In 2016 the Infrastructure Space Atelier at MSA were commissioned by Satellite Applications Catapult, Highland and Island Enterprise and NHS Scotland to undertake spatial analysis of the Scottish Highland region. The purpose of the work was to develop a better understanding of the spatial condition and performance of the region, and explore the possibilities of digital connectivity for health services serving dispersed populations.
The project team was multi-disciplinary and the study adopted data visualisation techniques, focussing on analysing cross-thematic data to unpack insights into the lived experience of spatial conditions. Multi-scalar in approach, the study investigated physical and service infrastructural networks across the region, as well as place-specific evaluations. In this work, the combined effect of recognising buildings as components of an expanded network, and the speed, acceleration and intersection of digital and physical mobility, reframed the idea of a city. Coined, the Hyper-dispersed City, urban tendencies become apparent where urban operations adopt the appearance of rural space. Spatial analysis allowed conventional definitions of urban space, which assume high levels of density as a characteristic feature, to be challenged. The work recognised that conventional definitions ignored the behaviour of inhabitants within the identified region and exposed that it is possible for inhabitants of sparsely occupied space to behave in highly urban ways, that bear little traditional connection to the highly place specific forms of behaviour that would be implied by conventional readings of rural space.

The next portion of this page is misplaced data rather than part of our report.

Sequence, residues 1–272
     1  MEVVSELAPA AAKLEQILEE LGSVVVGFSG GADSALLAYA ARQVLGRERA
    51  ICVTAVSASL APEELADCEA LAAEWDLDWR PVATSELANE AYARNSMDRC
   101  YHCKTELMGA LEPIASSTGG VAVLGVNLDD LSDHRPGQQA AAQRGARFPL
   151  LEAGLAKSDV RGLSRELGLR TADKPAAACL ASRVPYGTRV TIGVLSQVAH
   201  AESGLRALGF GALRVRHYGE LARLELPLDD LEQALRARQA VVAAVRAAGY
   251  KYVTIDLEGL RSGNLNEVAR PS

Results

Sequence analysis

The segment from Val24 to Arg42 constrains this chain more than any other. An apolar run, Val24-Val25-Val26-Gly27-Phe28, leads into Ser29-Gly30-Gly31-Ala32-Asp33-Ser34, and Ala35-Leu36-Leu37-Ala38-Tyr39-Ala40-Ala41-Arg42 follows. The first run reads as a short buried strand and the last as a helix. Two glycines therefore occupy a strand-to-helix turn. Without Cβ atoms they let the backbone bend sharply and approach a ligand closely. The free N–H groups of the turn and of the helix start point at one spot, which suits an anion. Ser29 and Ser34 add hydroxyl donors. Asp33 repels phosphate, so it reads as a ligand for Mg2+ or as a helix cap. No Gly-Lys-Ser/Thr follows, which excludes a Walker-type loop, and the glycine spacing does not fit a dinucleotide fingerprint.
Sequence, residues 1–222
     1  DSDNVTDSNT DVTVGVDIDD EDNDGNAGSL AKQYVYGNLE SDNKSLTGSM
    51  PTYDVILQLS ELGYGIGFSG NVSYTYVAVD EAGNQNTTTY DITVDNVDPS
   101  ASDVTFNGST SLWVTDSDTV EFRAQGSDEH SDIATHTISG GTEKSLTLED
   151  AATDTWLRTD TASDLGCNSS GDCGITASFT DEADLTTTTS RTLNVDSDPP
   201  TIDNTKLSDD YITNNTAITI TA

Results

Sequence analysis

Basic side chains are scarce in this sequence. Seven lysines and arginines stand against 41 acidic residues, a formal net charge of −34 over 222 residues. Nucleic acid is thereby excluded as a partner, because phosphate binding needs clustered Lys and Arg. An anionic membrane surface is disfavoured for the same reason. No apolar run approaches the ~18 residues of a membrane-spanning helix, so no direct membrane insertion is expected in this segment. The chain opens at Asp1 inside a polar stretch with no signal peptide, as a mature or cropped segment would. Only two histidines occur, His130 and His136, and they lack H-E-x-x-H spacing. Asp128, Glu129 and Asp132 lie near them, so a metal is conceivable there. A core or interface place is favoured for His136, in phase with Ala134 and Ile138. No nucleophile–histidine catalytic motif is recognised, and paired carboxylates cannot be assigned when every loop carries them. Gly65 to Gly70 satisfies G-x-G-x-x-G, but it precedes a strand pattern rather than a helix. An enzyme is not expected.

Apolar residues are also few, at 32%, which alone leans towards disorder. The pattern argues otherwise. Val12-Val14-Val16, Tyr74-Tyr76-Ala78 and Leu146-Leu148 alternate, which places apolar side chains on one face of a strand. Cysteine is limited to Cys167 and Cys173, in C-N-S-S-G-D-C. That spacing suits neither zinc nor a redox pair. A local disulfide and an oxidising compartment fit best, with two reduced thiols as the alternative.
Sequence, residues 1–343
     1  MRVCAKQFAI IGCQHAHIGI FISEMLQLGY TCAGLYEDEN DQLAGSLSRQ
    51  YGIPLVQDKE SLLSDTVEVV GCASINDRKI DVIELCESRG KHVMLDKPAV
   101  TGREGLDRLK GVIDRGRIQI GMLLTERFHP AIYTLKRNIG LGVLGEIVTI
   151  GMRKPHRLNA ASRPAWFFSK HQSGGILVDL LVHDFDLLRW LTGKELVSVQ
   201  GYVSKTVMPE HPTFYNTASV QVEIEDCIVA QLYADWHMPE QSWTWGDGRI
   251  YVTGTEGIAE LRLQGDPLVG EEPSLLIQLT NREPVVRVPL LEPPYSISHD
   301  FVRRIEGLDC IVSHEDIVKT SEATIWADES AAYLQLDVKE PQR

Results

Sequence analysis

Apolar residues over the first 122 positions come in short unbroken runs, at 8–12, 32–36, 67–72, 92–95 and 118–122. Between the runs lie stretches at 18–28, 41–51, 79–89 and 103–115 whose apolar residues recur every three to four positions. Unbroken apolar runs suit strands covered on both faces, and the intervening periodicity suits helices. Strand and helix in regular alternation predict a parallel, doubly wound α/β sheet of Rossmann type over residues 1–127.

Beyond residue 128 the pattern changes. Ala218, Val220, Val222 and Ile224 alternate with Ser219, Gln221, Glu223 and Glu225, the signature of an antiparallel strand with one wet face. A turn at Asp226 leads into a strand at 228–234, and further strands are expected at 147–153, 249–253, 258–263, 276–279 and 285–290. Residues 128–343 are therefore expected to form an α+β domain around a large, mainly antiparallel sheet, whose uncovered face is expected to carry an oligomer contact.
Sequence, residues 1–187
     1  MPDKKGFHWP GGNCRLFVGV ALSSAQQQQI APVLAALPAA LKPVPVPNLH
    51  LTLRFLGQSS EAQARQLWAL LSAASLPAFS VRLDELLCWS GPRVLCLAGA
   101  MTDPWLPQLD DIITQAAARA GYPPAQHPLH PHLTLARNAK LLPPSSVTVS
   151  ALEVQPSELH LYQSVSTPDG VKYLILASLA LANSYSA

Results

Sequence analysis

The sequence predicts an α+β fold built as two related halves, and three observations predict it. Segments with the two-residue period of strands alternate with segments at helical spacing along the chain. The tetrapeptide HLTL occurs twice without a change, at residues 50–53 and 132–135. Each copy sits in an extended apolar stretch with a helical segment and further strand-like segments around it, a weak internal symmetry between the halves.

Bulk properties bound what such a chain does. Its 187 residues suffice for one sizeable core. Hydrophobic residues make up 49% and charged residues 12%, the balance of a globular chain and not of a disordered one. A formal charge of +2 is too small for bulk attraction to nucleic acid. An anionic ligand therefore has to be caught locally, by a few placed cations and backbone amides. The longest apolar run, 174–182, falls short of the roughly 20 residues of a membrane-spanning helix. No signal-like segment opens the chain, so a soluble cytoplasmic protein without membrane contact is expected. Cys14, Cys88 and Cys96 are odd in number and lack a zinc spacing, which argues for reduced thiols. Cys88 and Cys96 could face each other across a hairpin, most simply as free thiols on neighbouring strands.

The work is documented in four thematic atlases and a series of urban projects were presented to a field of SMEs in Inverness in October 2017 as part of a conference to disseminate the findings of the work. From this event, the analysis provided the foundation for pilot studies of remote healthcare delivery, focussing on the consultation and treatment of diabetes via satellite connection.